Tsai: “I would recommend that you would still follow the same social distancing principles. The ultimate goal is to break the chain of transmission. If you can maintain your own distance sort of respectfully, then you can still minimize not just the risk to yourself but also the risk from you potentially transmitting to other friends and families in your social circle. Each individual is an opportunity to break that transmission. So even though others around you may be in less than ideal social distancing scenarios, there’s an important individual obligation to do what you can within reasonable or social bounds.”

Caplan: “Do your best to socially distance. Maybe don’t sleep in the same bed? Minimize sexual contact. Don’t share toothbrushes. Try to use separate things. You don’t want to be hugging and kissing. You always want to use good hygiene in terms of sneezing and coughing and still doing the handwashing thing frequently. You want to clean surfaces frequently. You might not want to share the same forks and knives unless you’re really sure they’ve been washed thoroughly. That kind of thing. You can have a discussion about how you would divide up your living space – but if they won’t go along, get away.”

Justman: “I think we need to split the scenarios into at least two different categories. Let’s say you were telling me that your spouse is a doctor who sees patients all day. If you were younger and otherwise healthy, I think I would tell you to try not to worry, to encourage your spouse to change clothes and take a shower as soon as they walk in the door. And of course, you’ll keep an eye on your spouse to see if your spouse is starting to have any symptoms, fevers or a cough, that type of thing. If you’re somebody who’s more vulnerable to having a more severe case of a Covid-19-related pneumonia then I might tell you to think about ways to have some separation in the home. Or can you go and stay somewhere with a friend or family member for a while until things improve, just to minimize your risk?

“The second scenario is with the roommate going to bars and gyms. If you are somebody who’s at higher risk, I would tell you to perhaps even see if there’s somewhere else you can go and stay for a while. Just to protect yourself. You can always try to have a conversation with the roommate to say, gee, you know, I’d be much more comfortable if you would not go out so much and not go to crowded places. But I think those are hard conversations to have. And I think it’s much easier to take steps to protect yourself but that don’t require other people to change their behavior.”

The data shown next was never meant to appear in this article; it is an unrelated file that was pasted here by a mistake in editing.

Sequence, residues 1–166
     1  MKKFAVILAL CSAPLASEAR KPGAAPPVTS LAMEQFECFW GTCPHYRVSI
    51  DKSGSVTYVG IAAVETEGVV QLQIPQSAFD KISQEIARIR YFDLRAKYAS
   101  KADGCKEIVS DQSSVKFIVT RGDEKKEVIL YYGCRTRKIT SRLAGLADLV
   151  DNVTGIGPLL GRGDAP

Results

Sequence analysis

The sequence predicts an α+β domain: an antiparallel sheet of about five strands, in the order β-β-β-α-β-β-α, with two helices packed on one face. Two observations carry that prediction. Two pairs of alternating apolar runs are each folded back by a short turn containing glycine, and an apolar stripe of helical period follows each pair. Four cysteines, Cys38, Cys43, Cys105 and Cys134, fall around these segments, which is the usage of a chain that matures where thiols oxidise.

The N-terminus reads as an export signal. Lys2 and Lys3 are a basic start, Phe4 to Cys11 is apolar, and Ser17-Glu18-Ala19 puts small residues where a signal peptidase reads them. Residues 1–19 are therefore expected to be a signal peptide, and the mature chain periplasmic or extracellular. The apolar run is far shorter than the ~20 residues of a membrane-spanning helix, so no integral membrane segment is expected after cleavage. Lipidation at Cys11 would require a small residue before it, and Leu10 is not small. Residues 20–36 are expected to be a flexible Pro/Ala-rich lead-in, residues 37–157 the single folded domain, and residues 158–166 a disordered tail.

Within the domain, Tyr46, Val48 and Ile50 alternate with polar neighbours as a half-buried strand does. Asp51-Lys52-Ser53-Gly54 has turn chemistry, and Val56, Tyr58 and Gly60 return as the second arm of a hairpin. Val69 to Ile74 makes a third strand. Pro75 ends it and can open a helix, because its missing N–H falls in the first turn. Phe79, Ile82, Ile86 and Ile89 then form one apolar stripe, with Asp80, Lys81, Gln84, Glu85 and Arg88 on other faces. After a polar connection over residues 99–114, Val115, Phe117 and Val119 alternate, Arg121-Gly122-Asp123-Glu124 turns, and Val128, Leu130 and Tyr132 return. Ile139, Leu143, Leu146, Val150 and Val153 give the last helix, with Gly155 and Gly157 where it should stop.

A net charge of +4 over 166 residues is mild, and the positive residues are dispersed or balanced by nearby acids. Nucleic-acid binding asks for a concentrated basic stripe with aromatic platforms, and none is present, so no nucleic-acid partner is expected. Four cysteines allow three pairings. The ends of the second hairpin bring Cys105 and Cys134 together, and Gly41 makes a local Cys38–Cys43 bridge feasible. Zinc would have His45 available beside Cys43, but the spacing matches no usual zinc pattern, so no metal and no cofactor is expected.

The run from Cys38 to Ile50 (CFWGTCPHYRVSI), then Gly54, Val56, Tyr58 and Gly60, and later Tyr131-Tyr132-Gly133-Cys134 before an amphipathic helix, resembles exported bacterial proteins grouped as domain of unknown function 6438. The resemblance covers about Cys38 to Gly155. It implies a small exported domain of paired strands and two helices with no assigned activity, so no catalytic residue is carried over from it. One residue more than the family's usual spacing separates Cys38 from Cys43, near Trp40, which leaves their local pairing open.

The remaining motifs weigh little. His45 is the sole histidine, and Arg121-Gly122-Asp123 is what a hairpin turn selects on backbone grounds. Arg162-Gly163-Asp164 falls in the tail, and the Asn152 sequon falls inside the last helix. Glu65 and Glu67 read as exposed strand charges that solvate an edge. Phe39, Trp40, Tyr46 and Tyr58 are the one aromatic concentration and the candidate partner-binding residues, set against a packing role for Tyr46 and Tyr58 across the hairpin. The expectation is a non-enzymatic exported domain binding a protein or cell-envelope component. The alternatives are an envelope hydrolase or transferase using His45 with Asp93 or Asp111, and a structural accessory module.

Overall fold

How Do You Recommend Talking About Social Distancing With a Partner or Roommate?

Tsai: “Explain that the goal is to decrease the risk of infecting a lot of people at the same time. And that as an individual, it may seem that you have very little agency in the progression of Covid-19, but that you actually have a very real role and a very important role in breaking the transmission, because for every individual who gets infected, two to three others will be affected. That’s two or three loved ones or friends you could potentially prevent from getting infected.”

  • Dr. Arthur L Caplan is a professor and founding head of the Division of Medical Ethics at NYU School of Medicine.
  • Dr. Thomas Chin-Chia Tsai is a surgeon and health policy researcher at Brigham and Women’s Hospital and Harvard TH Chan School of Public Health.
  • Dr. Jessica Justman is a professor and attending physician in the Division of Infectious Diseases at the Columbia University Irving Medical Center.